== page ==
Zuckerberg says Facebook wants to 'reduce the amount of politics' on platform

'People don't want politics and fighting to take over their experience on our services,' CEO says

Facebook CEO Mark Zuckerberg wants to "reduce the amount of politics" on the platform as his company and other social media sites face criticism for facilitating political divides.

Zuckerberg made the comment during Facebook's fourth-quarter 2020 earnings call last week when he also announced that the platform would be banning political groups.

"We're also currently considering steps that we can take to reduce the amount of political content in News Feed as well," the Facebook founder said in reference to the dashboard users see when they log into Facebook featuring statuses, news stories and photos that other users have shared.

The Facebook logo is displayed on an iPad in Philadelphia. (AP Photo/Matt Rourke, File)

He added that Facebook is still working on the effort and clarified that the social media company will still "enable people to encourage in political groups and discussions if they want to."

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"One of the top pieces of feedback that we are hearing from our community right now is that people don't want politics and fighting to take over their experience on our services," he said. "So, one theme for this year is that we're going to continue to focus on helping millions of more people participate in healthy communities, and we're going to focus even more on being a force for bringing people closer together."

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FBFACEBOOK INC.254.47-9.84-3.72%

The company said in October that it was planning to pause recommendations for political groups to U.S. users ahead of the 2020 presidential election; now, Facebook is looking to make that pause permanent and on a global scale.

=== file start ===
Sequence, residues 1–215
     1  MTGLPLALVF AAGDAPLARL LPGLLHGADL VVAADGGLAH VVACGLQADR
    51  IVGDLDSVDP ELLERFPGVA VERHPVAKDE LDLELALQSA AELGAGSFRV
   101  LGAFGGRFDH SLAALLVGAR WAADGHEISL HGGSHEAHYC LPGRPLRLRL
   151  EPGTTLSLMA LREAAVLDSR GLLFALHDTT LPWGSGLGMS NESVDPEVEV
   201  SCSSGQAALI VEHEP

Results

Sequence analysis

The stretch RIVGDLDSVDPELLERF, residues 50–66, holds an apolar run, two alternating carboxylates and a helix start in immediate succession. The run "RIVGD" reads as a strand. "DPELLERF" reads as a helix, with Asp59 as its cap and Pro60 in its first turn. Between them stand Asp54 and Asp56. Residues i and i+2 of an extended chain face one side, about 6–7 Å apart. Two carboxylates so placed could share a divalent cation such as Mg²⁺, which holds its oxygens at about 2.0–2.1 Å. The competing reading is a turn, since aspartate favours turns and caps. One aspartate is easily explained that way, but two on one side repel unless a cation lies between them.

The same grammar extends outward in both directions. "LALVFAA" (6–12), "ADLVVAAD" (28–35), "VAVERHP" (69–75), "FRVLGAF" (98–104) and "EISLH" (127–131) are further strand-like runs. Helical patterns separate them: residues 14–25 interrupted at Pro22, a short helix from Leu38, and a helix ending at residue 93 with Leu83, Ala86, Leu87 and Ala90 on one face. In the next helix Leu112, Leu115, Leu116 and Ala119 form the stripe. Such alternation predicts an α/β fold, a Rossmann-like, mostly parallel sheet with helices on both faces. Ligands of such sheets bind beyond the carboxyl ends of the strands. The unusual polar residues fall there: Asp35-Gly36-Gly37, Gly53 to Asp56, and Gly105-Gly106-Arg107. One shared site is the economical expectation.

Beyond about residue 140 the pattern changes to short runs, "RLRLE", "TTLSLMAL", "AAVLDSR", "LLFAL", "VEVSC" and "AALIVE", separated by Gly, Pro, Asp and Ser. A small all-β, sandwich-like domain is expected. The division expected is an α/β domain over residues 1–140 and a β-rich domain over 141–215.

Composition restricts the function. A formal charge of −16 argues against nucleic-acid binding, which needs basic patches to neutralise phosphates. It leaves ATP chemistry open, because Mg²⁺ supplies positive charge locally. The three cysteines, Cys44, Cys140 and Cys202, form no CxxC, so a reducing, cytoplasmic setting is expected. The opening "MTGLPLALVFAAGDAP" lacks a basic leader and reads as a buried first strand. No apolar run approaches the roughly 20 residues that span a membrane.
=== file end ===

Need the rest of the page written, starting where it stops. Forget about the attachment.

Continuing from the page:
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A number of civil rights and watchdog groups like The Sleeping Giants have been demanding Facebook strengthen its efforts to combat hate on the platform since the summer.

A federal lawsuit filed in September accuses Facebook of "shirking" its responsibility to remove pages and accounts belonging to those who recruited others for what resulted in deadly shootings in Kenosha, Wis., at the end of August, but attorney Jason Flores-Williams filed a notice to dismiss the case last week, according to the Kenosha News.

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The Jan. 6 Capitol riots furthered demands for investigations into social media companies like Facebook and how they play a role in radicalizing people and instigating in-person violence.

Other demands for censorship have led to debate among lawmakers, tech experts and civil rights groups about how social media giants should tackle violent or provocative speech that is shared across different platforms while simultaneously protecting free speech and privacy rights.

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The FBI told Fox News last week that it was "reviewing" requests from congressional lawmakers to investigate Facebook, Twitter and Parler for their potential roles in the Jan. 6 riots.

"We have no comment on the specifics of the investigation, but we are reviewing these requests from members of Congress," the FBI said at the time.

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FOX Business' Stephanie Pagnones contributed to this report.